Jacksonville Library Book Festival

Jacksonville Library Book Festival

Nancy and Andrea were fortunate to have been chosen to exhibit at the inaugural Jacksonville Library Book Festival in 2017.

On a beautiful Saturday in March, 150 local and national authors spread out in hallways and balconies in Jacksonville’s spectacular main library. The event was well-organized and the library staff was warm and efficient as they checked in authors, helped us find our spaces, and get the tables set up. They even checked on us from time-to-time during the day.

And, like almost any multi-author event, we met some wonderful people — both readers and other writers.

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Love and.... the Inner Critic

Love and…. the Inner Critic

How’s your self-love level? If you’ve struggled to love and approve of yourself, chances are you’ve created a list of personal qualities you like, love or approve of.  They may be physical: eyes, smile, height, weight, physical conditioning. Or, perhaps they’re spiritual or emotional qualities that influence the way you move through the world. It’s easy to love your loyalty, your compassion, or your enthusiasm, but what about the rest of you? What about your talent? Your writing or other creative endeavors?

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Sometimes making (or even reading) those lists can make us cringe, bringing up concerns about being “stuck up,” selfish, or self-centered. Those thoughts can make it difficult to stay enthusiastic about your list… especially the ones that tell us we’re imposters or talentless hacks. That’s when we really need to send some love to that inner editor.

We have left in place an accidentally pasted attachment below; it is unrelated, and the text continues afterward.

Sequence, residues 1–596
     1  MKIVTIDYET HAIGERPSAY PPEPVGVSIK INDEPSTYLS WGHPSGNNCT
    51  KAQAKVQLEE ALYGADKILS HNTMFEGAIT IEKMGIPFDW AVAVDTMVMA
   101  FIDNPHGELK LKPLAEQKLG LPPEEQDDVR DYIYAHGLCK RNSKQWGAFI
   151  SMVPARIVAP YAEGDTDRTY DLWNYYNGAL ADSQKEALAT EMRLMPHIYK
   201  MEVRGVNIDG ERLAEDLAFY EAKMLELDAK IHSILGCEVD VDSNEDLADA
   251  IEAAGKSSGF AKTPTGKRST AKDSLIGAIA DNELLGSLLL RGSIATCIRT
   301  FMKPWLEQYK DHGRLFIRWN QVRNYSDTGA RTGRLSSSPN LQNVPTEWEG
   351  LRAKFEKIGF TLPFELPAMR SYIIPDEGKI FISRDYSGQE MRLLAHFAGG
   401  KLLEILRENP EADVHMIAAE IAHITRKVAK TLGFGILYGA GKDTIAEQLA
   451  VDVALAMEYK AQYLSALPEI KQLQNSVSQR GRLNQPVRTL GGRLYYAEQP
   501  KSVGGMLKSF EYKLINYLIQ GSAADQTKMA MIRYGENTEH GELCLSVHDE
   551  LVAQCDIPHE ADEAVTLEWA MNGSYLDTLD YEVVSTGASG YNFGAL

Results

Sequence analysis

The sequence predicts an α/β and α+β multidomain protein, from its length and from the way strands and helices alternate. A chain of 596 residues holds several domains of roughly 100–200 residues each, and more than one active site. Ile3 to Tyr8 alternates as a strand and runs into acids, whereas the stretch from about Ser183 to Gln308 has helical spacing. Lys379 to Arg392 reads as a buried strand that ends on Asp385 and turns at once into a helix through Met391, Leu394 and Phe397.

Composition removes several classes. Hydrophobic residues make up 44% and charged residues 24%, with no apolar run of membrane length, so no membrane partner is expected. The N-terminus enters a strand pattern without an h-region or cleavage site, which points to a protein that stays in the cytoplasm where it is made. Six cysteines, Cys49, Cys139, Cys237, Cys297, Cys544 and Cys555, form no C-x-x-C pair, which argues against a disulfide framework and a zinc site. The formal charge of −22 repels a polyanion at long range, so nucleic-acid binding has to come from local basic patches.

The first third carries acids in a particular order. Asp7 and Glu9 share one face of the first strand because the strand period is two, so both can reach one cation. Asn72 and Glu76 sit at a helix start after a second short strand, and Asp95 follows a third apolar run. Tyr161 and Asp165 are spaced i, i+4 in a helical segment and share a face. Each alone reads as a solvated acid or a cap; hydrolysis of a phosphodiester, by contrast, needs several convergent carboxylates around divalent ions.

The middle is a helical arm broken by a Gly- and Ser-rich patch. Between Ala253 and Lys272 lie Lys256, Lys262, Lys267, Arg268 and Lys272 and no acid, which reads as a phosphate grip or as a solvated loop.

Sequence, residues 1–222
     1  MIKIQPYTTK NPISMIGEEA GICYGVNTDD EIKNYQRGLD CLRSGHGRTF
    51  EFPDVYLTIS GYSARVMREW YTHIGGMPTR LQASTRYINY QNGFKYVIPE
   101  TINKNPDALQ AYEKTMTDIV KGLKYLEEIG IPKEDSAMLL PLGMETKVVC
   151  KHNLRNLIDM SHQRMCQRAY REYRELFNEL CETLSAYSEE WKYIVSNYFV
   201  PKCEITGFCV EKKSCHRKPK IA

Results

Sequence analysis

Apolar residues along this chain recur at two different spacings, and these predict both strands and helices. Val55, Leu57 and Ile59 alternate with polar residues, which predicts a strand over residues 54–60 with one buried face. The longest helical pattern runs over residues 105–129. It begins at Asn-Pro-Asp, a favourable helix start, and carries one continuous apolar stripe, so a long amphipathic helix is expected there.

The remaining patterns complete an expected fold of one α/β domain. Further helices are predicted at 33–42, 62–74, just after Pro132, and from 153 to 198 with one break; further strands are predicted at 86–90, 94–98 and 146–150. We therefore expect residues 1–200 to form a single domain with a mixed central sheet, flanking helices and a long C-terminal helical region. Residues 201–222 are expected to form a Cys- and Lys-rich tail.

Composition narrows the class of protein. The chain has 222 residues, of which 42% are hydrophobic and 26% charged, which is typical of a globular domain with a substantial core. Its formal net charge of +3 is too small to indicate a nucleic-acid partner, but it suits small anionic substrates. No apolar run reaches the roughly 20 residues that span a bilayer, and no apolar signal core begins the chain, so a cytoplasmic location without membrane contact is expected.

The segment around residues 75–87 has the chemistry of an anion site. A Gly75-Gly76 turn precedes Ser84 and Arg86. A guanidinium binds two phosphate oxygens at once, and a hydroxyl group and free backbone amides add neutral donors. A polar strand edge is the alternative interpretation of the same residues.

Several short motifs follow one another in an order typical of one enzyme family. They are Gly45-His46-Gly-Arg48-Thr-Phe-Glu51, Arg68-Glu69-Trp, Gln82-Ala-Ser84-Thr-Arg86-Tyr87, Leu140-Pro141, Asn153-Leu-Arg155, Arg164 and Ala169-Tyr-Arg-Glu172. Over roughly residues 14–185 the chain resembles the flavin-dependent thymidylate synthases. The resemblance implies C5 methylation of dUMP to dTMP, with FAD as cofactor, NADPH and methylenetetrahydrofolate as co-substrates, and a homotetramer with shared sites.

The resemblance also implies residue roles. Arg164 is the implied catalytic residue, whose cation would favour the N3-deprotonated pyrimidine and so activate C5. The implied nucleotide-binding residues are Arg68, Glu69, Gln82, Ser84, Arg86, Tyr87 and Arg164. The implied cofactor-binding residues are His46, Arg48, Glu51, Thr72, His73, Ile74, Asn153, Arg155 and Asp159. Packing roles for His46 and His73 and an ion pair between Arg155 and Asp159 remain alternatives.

What is healthy self-love? It requires a level of honesty and humility that allows us to see and accept our positive traits and the ones we don’t enjoy so much. We’ve learned that some of our yuckier traits can be an invitation to grow and change, an idea that works pretty well… until we bump into that critical voice inside. You know, the one that tells us we’re somehow less than others? The Inner Critic. The Inner Editor. The Bully in Your Brain. Yeah. That one.

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That’s when we start zooming around the web, reading up on the most popular Inner Critic management techniques: coach after coach, author after author offering tips and tactics to silence that inner voice. Get rid of it, kill it off, once and for all.

And, if you’ve followed that advice, you’ve probably had yet another interesting discovery: with most those strategies is, if they work at all, it’s not for long, is it? Efforts to silence the Inner Critic simply bring it back, stronger than it was before.

So what’s the answer? What does it take to get that voice to behave? Love. Unconditional love and radical self-acceptance. Excellent self-care. Support from trusted friends.

It’s true. As much as that naggy voice doesn’t feel good? It’s an important part of us, an inner warning system. To get to a comfortable level of self-love and self-acceptance means we’ve got to find a way to love that voice, too.